At Sierras Naranjito, Santa Clara, a
and they were all dying from hunger
last week, and were not allowed to leave
the place to search for food in the country
They were crowded in forty-four small
huts, presenting a pitiful spectacle. A
Spanish column passed, and some of the
poor women asked the officers for per
mission to seek food for their dying chil
dren. The only answer was an attack by the
Spanish soldiers on the defenseless peo
ple The unarmed men tried in vain to
defend their families In the unequal
fight all were slain except six old persons,
Some women and children also were
massacred The six old male survivois
thirty women, and thirty-nine children,
were brought as prisoners to Santa Clara
The huts were burned.
THE SPANISH LOSSES.
Official Statement Admits 22,700
Killed in Battle.
Havana, via Kev West, July 25 An offi
cial declaiation of the Spanish losses in
engagements with the Cubans has been
published. Since February 24, 1505.
22.700 Spaniaidn have been killed on the
it Santa Clara city horse meat is sold
in tlie market because there, is no beef.
The population is starving.
At Herradura and Tortuga, Pinar del
Rio province, the insurgents have used
dynamite with deadly effect on the bat
talions of Luchana and San Cayetano.
GATHERING TN DESPERADOES.
More Tramps Concerned in the
Train Uold-Ups Arrested.
Omaha, Neb., July 25. The Federal au
thorities are making a determined effort
to stop the holding up of trains along the
Omaha road, and the prospects are thatthe
local jail will not be able to accommodate
the prisoners who will be picked up this
week. At midnight ten more hoboes were
brought in by the deputies and jailed.
Yerterday the armed deputies started
on a special train up the Omaha to gather in
trampp. A bright young fellow captured
in the big raid Friday has besn won over
to the side or the Government and lie ac
companied the special. Whenever a gang
of tramps were seen, the train was stop
ped and the prisoner was sent Into the
bunch to pick out those with whom he had
been associated in holding up trains Tor a
week In this manner ten Avcre arrested.
The train proceeded In this way fifty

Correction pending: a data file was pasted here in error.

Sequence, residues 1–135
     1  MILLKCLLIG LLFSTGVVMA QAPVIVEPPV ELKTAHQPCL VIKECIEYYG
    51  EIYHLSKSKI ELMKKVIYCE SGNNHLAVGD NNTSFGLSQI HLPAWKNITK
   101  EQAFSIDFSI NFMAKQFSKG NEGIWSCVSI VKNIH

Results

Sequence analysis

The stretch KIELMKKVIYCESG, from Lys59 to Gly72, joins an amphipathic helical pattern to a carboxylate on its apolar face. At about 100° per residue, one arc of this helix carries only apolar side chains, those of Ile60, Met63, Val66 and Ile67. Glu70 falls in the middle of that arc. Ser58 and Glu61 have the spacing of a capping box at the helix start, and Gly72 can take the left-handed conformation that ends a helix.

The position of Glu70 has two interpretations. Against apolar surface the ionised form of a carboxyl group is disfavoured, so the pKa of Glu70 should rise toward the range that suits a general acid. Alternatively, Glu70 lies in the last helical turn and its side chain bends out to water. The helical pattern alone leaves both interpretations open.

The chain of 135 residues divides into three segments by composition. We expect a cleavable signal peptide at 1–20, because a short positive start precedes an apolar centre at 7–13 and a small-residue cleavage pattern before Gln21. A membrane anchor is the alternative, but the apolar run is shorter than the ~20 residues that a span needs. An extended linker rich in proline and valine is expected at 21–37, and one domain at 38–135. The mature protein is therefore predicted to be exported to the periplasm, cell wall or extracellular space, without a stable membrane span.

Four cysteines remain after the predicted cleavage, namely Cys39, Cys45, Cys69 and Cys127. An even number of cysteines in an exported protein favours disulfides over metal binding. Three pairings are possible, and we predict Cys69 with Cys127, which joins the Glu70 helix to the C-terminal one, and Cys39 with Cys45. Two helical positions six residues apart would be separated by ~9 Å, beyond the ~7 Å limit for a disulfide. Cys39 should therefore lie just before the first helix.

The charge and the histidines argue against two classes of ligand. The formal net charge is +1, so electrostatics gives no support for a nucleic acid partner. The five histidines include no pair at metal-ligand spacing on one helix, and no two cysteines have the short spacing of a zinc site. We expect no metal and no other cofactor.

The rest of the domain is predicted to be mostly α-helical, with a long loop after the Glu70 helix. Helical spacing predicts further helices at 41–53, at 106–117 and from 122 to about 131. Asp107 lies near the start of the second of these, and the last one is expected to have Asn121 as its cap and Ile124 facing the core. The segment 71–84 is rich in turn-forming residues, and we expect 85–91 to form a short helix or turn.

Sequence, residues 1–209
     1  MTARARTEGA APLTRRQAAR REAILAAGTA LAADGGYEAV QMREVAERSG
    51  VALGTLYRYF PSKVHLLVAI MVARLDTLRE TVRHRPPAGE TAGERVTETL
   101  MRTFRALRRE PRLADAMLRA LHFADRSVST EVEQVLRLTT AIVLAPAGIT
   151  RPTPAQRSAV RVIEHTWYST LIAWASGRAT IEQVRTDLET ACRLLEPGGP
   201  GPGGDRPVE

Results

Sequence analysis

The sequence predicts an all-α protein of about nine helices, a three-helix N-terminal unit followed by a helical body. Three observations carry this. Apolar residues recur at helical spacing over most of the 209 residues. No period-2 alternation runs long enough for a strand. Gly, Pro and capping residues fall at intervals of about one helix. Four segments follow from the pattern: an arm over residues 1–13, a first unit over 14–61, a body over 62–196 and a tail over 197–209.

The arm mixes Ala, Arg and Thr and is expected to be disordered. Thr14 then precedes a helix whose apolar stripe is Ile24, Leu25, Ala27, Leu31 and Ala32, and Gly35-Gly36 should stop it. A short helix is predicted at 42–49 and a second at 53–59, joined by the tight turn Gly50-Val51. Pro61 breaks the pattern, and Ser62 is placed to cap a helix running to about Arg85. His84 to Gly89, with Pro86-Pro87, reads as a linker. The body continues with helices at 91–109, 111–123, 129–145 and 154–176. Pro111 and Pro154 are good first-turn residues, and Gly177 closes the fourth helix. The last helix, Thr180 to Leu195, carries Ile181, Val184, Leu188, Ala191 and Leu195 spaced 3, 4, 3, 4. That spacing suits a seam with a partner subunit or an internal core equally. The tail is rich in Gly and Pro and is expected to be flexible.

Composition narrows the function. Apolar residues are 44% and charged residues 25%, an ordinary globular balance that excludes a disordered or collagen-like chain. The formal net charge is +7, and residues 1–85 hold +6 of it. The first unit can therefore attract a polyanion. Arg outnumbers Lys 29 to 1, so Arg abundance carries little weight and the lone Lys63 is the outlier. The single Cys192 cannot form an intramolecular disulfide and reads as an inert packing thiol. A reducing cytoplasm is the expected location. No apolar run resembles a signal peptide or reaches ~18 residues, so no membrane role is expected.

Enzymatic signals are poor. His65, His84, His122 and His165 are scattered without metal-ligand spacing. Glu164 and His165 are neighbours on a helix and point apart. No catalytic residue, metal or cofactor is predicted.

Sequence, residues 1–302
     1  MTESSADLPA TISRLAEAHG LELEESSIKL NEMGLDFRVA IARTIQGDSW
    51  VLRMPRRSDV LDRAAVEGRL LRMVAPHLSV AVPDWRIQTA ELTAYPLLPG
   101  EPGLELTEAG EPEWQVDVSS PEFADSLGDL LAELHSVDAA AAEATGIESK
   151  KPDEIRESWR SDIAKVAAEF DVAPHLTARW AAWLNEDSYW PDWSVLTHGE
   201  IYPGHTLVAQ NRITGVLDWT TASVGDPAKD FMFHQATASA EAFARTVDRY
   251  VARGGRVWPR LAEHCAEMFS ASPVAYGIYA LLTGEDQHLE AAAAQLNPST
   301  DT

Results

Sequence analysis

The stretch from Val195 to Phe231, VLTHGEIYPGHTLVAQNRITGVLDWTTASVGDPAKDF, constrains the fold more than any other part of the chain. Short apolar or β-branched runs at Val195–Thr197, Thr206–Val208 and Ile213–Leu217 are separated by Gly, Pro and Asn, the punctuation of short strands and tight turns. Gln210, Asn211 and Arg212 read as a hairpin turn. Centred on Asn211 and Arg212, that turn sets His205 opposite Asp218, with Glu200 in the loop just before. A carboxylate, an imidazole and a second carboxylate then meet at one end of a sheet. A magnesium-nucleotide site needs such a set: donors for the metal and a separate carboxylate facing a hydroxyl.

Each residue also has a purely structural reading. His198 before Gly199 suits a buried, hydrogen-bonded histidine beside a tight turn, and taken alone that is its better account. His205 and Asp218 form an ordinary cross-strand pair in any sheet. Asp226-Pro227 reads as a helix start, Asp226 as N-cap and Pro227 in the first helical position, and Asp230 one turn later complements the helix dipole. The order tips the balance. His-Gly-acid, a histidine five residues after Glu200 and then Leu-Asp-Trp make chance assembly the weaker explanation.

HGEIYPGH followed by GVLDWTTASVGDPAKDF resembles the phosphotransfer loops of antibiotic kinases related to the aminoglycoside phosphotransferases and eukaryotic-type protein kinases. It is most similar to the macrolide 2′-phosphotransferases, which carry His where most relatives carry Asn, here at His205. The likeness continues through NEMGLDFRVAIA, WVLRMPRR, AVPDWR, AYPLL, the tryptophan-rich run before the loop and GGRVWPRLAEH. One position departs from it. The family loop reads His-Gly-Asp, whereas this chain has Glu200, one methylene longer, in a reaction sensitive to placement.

miles north. The same program will be
carrledouttomorrow and until thedesperatc
characters have been scarod awa y from the
The company is using the utmost vigi
lance to prevnt their trainsbeingwrecked,
as they have received notice from several
sources that some of the passenger trains
would be ditched in revenge for the severe"
measures of the company. Armed guards
patrol the track for many miles and the
trains are run on slow time along the
threatened places. Obstacles have been
placed on the rails in several instances,
but the patrol established has prevented
wrecks The situation is becoming very
crltical. Forty tramps arc in jail here
awaiting their trial, which will occur
Go Where It Is Cool.
Special rates to Virginia Hot Springs.
Greenbrier, White Sulphur, and other do
llghtful Tesorts, high up in the Aliegha
nies. Trains leave 2;20 p. m., and 11:10
p. m., daily, via Chesapeake and Ohio
Railway. Ticket offices 513 and 1421
Pennsylvania avenue. jy23,26 20
Common Lumber Only 75e per 100
Frank Llbbey & Co., 6th Bfc. andN.Y.ave.
ii mm DROWNED
Sad Fate of William and Palmer
Lauxman in Eastern Branch.
NEITHER MAN COULD SWIM
Both "Well-Kiiown and Respected in
Washington Went Down in Slirlil
of a Crowd at Their Boat Club
Heroic Efforts to Snvo Them
Search for the Bodies.
A peculiarly sad drowning accident, by
which two young men lost their lives,
occurred in the Eastern Branch near
Bcnnlng Bridge yesterday afternoon.
William Lauxman, twenty-five years o
age, and Palmer Lauxman, twenty-one
years of age, cousins, were the unfortu
nate nicu who were drowned. While in
bathing, having gone out in a skiff, tlie
skiif was upset, and the men lost their
lives in spite of the efforts ot ncarly
a dozen people to rescue them.
Neither of the young men could swim.
They belonged to Beuning Bridge Boat
After lunch at the club the Lauxmans
said they were going out to take a plunge.
Severalof the members, who knew the young
men could not swim, cautioned them about
going out too far, as the water at that
point Is kuown to bo thirty feet deep. They,
however, threw off their clothes, placing
them in the boat, and pushed the boat out
into the stream.